Everything is around the corner here

Trip Start Sep 18, 2010
Trip End Jul 27, 2011

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Where I stayed
@ Diederik's
What I did

Flag of Belgium  ,
Sunday, July 10, 2011

Traveling via www.mitfahrgelegenheiten.de I take a chaotic ride from Hamburg to Belgium with a very nice, young punk-rock couple. The other co-traveler is a guy from Guinea in West Africa, not to be confused with Guinea (region), Equatorial GuineaGuinea-BissauNew GuineaPapua New GuineaGuyanaFrench Guiana, or Ghana. Also referred to as  Guinea-Conakry to distinguish it from its neighbour Guinea-Bissau. His name escapes me, but he travels on a Spanish passport, speaks fairly fluent German as well as Spanish. It is him that makes sure we find the train station in Brussels, applying his fluent French to ask for directions.

At the train station I am picked up by Diederick, who I met in Laos. I feel a split second of personal culture shock, when he arrives, decked out in slim pants, boots, buttoned shirt and jacket, stylish with a hint of 'gino'. Cleans up nice from the backpacker I recalled ;). Sadly, I am still wearing the same stuff myself.

He is also collecting his friend Marieke that lives in Slowenia and her Ljubljana friend Sima, who are both in Belgium on vacation. We drive to Ghent, where Diederik lives. Belgian highways look just like the Autobahn, except there are no distances marked on most signs. When I ask why, I am told that there is no point, because everything is so close in Belgium. And indeed it is. In three days, I manage to see quite a bit. On one day, I start the day in Ghent, spend the afternoon in Brugge and the evening in Antwerp.

Ghent immediately strikes me as a cute, charming town. I am later told, it was voted 'most authentic town'. Diederik cooks dinner while I shower. Lucky me, he used be a chef and jobs at a fish market to finance his studies :) While we eat, he gets a phone invite to come to a friend’s house where someone he knows is filming a party scene for a short film. They need more extras. We go to have free drinks, dance and ‘act’ to have fun at a party. Tough life it is!

I notice how tall all the men are. Diederik is 1.91m or so, but he doesn’t stick out at all. The others are right up there. A handful of them are dancing around the living room lamp. Or rather with it, at times literally standing with their heads inside the lamp shade. After months in Asia and years in Canada, I am finding this scene fascinating.

It’s an artsy crowd and everyone is very touchy feely with each other. There seems to be a very close vibe. I realize how I miss that in North American culture.

By the time the post party shots are wrapped up, we have plenty of ‘pretend’ drinks intus and leave for one last night cap around 3am. It is Sunday night (or rather Monday morning), but there are still people out in Ghent.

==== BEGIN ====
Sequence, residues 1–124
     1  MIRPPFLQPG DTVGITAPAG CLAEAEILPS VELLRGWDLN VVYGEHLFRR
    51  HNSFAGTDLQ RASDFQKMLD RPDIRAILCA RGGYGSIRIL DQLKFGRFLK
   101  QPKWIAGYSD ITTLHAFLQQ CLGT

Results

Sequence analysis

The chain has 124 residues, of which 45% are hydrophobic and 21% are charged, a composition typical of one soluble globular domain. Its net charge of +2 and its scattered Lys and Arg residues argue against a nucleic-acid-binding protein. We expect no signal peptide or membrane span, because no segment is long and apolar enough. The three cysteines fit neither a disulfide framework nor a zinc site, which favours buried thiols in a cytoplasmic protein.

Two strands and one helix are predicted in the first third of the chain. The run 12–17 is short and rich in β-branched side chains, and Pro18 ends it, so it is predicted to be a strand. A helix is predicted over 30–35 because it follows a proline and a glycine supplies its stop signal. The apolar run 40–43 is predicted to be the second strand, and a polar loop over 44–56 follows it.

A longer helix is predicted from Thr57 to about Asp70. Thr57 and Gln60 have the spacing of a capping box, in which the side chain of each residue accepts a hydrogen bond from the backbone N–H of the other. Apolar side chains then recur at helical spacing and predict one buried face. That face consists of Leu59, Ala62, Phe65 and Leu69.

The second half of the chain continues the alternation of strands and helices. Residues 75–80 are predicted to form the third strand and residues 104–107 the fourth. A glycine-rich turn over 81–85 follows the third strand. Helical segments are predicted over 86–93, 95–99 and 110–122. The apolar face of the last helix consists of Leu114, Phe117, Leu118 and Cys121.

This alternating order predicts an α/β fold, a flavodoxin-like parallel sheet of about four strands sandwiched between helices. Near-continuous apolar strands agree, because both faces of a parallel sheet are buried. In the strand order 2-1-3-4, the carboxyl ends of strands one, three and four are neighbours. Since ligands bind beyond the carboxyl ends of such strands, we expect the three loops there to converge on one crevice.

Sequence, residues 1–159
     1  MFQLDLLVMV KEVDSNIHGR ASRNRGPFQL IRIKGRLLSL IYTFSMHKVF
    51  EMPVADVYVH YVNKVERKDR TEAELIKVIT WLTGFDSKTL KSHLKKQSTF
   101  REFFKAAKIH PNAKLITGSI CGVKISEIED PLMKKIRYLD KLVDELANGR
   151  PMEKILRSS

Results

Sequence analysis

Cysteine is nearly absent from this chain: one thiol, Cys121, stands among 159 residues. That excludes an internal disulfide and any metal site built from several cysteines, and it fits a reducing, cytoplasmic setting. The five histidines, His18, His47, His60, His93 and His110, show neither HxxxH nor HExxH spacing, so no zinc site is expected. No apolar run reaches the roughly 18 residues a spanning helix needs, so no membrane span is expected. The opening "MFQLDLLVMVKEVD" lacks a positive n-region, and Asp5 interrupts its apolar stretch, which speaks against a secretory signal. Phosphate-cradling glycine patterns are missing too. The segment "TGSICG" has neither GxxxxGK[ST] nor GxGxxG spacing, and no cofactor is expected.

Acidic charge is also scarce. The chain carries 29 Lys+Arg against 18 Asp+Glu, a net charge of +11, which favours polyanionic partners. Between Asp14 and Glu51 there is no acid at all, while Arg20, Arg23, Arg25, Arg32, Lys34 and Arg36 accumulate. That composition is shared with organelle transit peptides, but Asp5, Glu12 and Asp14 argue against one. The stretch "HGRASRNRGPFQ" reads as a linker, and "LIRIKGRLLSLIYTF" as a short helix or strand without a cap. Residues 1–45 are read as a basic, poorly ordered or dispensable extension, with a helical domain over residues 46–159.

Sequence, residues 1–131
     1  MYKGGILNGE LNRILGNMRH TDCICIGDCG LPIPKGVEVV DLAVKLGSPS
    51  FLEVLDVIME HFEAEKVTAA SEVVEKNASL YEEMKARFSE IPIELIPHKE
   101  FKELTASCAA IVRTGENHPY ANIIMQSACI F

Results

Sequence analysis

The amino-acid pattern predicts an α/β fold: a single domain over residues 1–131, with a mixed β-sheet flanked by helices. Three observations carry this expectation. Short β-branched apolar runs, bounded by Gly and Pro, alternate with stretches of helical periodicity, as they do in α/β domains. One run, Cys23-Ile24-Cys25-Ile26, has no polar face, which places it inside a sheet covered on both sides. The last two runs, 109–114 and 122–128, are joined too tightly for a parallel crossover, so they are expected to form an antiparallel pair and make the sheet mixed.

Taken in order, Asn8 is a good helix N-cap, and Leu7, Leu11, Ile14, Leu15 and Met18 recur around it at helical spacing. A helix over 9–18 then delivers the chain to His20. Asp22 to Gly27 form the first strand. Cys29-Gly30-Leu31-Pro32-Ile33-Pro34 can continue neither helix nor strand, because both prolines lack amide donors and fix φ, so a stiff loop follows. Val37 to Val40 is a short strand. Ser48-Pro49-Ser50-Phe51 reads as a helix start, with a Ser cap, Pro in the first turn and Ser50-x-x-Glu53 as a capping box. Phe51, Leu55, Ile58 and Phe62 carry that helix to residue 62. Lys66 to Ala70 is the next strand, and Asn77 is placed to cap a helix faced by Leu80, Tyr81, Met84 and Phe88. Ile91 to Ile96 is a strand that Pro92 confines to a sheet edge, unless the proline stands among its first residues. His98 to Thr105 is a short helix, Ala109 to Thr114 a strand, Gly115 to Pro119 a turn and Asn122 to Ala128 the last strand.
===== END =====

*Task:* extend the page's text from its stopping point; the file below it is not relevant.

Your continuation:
In Antwerp I meet Pieter and Elke. Both are couch surfers I met in Beirut. Manu and I then stayed at Pieter’s in Damascus/Syria where he was working up until a couple weeks ago (http://bit.ly/p4mEvd). Now he is back home in Belgium before embarking on his next assignment in Chad. Of course it is interesting to get his insider’s view on happenings in Syria these days. He tells us about a couple of tense moments with Kalashnikov-armed check points. But generally confirms what I suspected and noticed myself in Asia, being in some countries, at times when the media made it sound like all hell broke loose. Yes, there is a revolution happening in Syria and yes, you have to be smart about how you travel. But if you know when to travel and where to stay away, it really isn’t as dangerous as one might think following the media. I.e. Friday evenings after prayers is when all the bad stuff happens, so it’s best to stay home then and travel later in the weekend. It will be fascinating to hear his stories from Chad, though I wouldn’t be quite as comfortable visiting there as I was in Syria (http://en.wikipedia.org/wiki/Chad). Hopefully, Pieter will stay safe.
On my last day, I accompany Diederik to go shoe shopping in Brussels. Shoe shopping - What a drag, phhhttttt ;) The weather is not very agreeable, but I still see a good bit of Brussels, albeit grey.

My time in Belgium is too short to have much of an opinion about it. It surely is very pretty, with medieval buildings everywhere you turn. On a human level, I got the sense that it felt a bit cliquey, which Diederik confirmed to be the case. In summary, another country to be added to the list of places I’d like to return :)
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